Three Diamondbacks were injured last night

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Is spring training over yet? I’m assuming the Diamondbacks wish it was. For they lost three more players to injury in last night’s meaningless game.

First, second baseman Aaron Hill was hit on the left little finger with a Jered Weaver pitch in the first inning. Then outfielder Jason Kubel rolled his left ankle a bit coming out of the batter’s box in the second, and finally, shortstop Willie Bloomquist strained his right oblique muscle while swinging at a pitch in the third.

Hill seems OK and won’t miss time. Kubel is day-to-day. Bloomquist will have an MRI today but is pretty sure that he’s going to miss Opening Day.

Spring training always seems to last a week or two too long. This year, because of the WBC, it actually was a week or two too long.  Enough: let’s get some players injured in games that mattered rather than in games that don’t.

Red Sox employees “livid” over team pay cut plan

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Even Drellich of The Athletic reports that the Boston Red Sox are cutting the pay of team employees. Those cuts, which began to be communicated last night, apply to all employees making $50,000 or more. They are tiered cuts, with people making $50-99,000 seeing salary cut by 20%, those making $100k-$499,000 seeing $25% cuts and those making $500,000 or more getting 30% cuts.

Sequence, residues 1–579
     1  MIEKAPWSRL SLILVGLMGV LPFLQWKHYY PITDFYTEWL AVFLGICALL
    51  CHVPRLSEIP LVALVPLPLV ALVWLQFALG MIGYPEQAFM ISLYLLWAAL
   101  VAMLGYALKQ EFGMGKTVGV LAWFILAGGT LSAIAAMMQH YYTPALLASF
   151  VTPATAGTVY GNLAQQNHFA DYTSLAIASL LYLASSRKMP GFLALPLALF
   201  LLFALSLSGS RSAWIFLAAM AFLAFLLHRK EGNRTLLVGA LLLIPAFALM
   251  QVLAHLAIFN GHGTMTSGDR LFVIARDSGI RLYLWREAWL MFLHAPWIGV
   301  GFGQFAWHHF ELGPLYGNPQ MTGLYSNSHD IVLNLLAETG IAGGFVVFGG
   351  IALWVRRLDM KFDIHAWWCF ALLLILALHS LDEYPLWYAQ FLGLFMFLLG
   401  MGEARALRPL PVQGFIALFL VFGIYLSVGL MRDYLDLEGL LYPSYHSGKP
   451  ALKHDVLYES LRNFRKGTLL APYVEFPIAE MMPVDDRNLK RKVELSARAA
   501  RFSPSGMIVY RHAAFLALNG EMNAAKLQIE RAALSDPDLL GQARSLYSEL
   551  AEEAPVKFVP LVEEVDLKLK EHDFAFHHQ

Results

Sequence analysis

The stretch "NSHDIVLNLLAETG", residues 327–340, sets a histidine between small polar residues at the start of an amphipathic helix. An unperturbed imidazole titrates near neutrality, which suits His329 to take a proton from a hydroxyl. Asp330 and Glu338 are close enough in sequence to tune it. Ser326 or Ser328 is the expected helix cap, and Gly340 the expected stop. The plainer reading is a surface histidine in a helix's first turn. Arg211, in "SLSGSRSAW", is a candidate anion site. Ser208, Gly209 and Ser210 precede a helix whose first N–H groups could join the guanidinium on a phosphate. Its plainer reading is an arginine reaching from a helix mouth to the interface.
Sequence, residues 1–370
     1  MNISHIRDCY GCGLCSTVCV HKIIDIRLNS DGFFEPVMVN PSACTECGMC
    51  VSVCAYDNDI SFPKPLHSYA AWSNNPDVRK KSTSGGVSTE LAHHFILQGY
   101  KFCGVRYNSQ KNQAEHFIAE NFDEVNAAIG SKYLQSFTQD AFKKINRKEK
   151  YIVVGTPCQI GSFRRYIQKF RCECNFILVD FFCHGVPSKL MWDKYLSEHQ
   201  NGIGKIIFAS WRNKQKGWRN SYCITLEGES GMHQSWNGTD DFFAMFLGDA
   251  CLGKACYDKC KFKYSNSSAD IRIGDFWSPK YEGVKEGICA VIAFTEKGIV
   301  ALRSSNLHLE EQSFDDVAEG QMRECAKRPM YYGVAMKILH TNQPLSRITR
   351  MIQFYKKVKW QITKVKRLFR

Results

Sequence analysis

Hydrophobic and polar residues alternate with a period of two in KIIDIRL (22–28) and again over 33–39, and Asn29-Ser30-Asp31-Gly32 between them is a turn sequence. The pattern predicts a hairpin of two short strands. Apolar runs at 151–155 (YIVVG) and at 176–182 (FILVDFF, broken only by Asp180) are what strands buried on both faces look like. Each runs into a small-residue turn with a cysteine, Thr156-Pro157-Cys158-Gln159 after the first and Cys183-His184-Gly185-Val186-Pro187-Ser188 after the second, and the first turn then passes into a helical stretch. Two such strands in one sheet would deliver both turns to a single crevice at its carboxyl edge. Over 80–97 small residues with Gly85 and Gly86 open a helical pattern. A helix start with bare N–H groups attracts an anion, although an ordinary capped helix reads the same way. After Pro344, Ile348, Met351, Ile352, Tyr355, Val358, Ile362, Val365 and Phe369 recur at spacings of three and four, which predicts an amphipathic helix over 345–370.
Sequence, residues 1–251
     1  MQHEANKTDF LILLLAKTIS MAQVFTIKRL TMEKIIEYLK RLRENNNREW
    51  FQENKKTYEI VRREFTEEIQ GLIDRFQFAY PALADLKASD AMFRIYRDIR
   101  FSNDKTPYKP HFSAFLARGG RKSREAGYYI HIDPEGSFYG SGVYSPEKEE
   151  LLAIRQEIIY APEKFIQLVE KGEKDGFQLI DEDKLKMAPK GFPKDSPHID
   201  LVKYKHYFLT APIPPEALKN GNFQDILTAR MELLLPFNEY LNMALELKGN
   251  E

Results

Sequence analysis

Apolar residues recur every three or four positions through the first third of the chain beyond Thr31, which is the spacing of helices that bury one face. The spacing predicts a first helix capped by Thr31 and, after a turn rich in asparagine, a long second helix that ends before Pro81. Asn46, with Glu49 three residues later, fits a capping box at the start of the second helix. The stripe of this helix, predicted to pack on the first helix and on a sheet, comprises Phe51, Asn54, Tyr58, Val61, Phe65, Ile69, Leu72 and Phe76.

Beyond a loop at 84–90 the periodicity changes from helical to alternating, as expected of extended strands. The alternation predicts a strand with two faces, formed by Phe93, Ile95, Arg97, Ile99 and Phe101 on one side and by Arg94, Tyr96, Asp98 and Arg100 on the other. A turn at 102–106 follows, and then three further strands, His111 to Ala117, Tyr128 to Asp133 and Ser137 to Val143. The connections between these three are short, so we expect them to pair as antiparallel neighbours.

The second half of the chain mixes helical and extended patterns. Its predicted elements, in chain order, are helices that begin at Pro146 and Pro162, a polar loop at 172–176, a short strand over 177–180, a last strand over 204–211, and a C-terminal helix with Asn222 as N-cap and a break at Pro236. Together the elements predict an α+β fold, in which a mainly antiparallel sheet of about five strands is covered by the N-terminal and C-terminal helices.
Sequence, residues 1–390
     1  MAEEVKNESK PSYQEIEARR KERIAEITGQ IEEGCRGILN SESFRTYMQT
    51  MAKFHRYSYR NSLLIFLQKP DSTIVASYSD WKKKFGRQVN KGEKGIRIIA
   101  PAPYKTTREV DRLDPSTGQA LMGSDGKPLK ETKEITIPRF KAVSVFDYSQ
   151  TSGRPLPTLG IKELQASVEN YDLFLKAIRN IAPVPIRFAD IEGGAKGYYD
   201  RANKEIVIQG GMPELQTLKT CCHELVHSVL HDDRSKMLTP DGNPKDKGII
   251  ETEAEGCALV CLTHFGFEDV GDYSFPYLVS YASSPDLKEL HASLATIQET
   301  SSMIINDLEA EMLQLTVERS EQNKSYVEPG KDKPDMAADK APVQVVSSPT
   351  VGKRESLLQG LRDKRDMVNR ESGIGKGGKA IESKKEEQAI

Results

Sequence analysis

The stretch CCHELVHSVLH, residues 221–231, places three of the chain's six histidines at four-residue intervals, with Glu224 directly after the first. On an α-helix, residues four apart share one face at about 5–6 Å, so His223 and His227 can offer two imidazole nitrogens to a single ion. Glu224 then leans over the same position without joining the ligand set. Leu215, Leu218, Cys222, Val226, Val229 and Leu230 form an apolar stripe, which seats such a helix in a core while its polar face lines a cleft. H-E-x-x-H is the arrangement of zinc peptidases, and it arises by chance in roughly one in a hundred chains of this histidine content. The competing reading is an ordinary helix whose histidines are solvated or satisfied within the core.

Drellich reported that a Red Sox employee told him that “people are livid” over the fact that those making $100K are being treated the same way as those making $500K. And, yes, that does seem to be a pretty wide spread for similar pay cuts. One would think that a team with as many analytically-oriented people on staff could perhaps break things down a bit more granularly.

Notable in all of this that the same folks who own the Red Sox — Fenway Sports Group — own Liverpool FC of the English Premier League, and that just last month Liverpool’s pay cut/employee furlough policies proved so unpopular that they led to a backlash and a subsequent reversal by the club. That came after intense criticism from Liverpool fan groups and local politicians. Sox owner John Henry must be confident that no such backlash will happen in Boston.

As we noted yesterday, The Kansas City Royals, who are not as financially successful as the Boston Red Sox, have not furloughed employees or cut pay as a result of baseball’s shutdown in the wake of the COVID-19 pandemic. Perhaps someone in Boston could call the Royals and ask them how they managed that.